How To: Remove Sweat Stains
No matter how many times you run your shirt through the wash, a regular rinse just won’t get out unsightly armpit stains. But don't sweat it! Keep reading to learn how you can clean up your favorite shirts.
Yellowing on your favorite dress shirt or old tee typically suggests that it’s time to add it to your rag collection. Though it’s common to call sweat the culprit behind these unsightly stains (especially those around the armpit areas), the real reason is more than just salty water. “Those ‘sweat stains’ are made from a combination of things—not just perspiration, but also body oil, skin flakes, and any chemicals in your deodorant,” said Mary Gagliardi, also known as Dr. Laundry. Because of that, Gagliardi recommends pre-treating any affected areas with an enzyme-based stain remover before laundering them as the most effective means of how to remove sweat stains.
Alternatively, you can use a combination of baking soda and hydrogen peroxide—two all-natural powerhouse cleaners—for a homemade stain treatment that can break down the buildup and get your shirt to look new again. Follow the steps below on any clothing with dingy or even crusty yellow stains, and you may just save it from the toss pile!
Place your shirt into the large, empty bowl inside out. Make sure the shirt is situated with the underarm stains facing up.
Check to see if your shirt has any spandex in it before soaking the sweat stains with water.
- If it’s made with spandex, dampen with cold water—boiling water can damage those fibers—and proceed to Step 3.
- Otherwise, hot water is most effective for removing stains: Bring water to a boil either on the stovetop or in the microwave and, wearing gloves, pour this hot water onto the yellowed spots. This should start to melt (and therefore loosen) the sweat stains.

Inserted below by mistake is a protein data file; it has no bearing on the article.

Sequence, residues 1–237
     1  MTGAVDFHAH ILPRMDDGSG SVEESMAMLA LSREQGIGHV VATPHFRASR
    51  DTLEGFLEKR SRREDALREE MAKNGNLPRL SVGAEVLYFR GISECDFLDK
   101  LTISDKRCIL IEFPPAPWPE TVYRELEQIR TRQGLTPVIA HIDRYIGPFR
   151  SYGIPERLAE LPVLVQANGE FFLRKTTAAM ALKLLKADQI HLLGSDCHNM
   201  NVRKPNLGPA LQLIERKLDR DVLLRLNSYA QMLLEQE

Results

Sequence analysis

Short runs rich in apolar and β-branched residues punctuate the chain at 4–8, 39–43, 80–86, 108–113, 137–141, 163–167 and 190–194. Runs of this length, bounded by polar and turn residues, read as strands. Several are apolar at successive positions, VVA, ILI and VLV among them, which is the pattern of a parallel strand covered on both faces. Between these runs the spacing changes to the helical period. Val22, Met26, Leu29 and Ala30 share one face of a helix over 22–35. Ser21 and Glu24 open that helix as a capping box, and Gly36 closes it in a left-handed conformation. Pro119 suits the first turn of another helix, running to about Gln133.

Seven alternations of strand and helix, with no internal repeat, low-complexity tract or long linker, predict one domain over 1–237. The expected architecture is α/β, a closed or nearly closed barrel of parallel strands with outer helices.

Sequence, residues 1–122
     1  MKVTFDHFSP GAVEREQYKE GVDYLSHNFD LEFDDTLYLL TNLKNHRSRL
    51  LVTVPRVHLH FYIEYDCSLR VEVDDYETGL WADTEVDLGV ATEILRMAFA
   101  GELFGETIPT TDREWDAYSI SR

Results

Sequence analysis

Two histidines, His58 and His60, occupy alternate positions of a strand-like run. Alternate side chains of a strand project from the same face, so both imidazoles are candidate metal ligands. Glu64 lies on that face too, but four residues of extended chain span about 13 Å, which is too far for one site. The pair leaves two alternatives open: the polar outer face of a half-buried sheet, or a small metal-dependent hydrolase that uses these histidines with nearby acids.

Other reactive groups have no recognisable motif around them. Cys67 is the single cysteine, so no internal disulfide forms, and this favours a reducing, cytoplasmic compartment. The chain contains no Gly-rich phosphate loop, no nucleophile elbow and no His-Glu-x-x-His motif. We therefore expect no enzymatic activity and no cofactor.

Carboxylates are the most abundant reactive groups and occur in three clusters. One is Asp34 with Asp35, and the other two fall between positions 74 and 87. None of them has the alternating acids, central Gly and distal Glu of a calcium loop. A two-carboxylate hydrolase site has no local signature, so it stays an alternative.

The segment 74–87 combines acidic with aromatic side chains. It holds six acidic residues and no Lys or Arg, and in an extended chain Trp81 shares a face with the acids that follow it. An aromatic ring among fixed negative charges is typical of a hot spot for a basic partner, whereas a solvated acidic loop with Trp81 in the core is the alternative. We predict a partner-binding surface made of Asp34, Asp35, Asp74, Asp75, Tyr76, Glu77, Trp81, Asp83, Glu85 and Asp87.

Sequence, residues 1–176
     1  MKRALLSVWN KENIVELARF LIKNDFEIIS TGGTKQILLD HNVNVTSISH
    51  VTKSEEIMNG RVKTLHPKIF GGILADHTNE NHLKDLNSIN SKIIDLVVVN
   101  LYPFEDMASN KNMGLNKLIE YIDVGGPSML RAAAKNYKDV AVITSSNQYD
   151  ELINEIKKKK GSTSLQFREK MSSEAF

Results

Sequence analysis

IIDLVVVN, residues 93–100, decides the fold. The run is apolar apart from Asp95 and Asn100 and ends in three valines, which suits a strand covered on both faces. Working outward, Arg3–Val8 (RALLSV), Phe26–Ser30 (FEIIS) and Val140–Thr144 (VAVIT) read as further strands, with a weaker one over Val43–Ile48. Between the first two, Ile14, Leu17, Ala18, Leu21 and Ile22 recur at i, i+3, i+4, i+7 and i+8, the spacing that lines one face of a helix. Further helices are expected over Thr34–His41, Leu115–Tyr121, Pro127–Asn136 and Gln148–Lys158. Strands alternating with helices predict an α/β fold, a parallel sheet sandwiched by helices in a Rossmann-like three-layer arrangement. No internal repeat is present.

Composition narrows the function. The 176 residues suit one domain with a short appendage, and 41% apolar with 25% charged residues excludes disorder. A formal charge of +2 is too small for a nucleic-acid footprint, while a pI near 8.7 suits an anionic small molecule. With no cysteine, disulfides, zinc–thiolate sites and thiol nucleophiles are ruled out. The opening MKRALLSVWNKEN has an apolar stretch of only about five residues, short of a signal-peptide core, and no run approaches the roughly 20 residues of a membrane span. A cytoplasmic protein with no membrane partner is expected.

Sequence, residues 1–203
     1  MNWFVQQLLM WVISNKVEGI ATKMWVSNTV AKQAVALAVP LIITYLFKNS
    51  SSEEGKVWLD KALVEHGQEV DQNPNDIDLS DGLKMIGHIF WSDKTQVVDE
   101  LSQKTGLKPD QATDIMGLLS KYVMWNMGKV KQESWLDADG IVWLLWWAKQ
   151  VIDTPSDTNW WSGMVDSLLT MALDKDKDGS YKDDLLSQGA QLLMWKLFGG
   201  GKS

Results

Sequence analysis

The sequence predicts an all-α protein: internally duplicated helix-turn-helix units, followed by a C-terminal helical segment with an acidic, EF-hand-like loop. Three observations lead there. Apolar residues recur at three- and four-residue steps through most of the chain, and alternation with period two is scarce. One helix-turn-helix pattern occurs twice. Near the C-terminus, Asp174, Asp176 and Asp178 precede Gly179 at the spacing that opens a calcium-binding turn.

In the small bowl, thoroughly mix a solution of one part baking soda, one part hydrogen peroxide, and one part water. The baking soda draws the sweat stains out and traps it, while also whitening the fabric and absorbing odors; meanwhile, the hydrogen peroxide is used as an oxidizing agent that disinfects. About 1/4 cup of each ingredient is needed for one shirt. Unlike other homemade cleaning solutions, this is not one to be made ahead and stored. Instead, keep each key ingredient handy in the laundry room for use.
Scoop out the liquid solution onto the stain. Let it sit for a few minutes, then gently work it into the stained area with a scrub brush, then rinse it away.
Launder the shirt as you normally would, and check the stain. If it isn’t all the way gone, repeat Steps 1 through 4 then run it through the wash again. Otherwise, you run the risk of setting the remaining sweat stains with the heat of the dryer. Only dry once you see the yellow stains are gone.
Going forward, make sure you pretreat any problem areas—like the underarms or the back of the shirt—regularly before laundering. By catching the sweat stains early, you can have an easier time removing them. Another way to prevent stains is to choose a deodorant with low-aluminum, which is an ingredient that contributes to these yellow stains.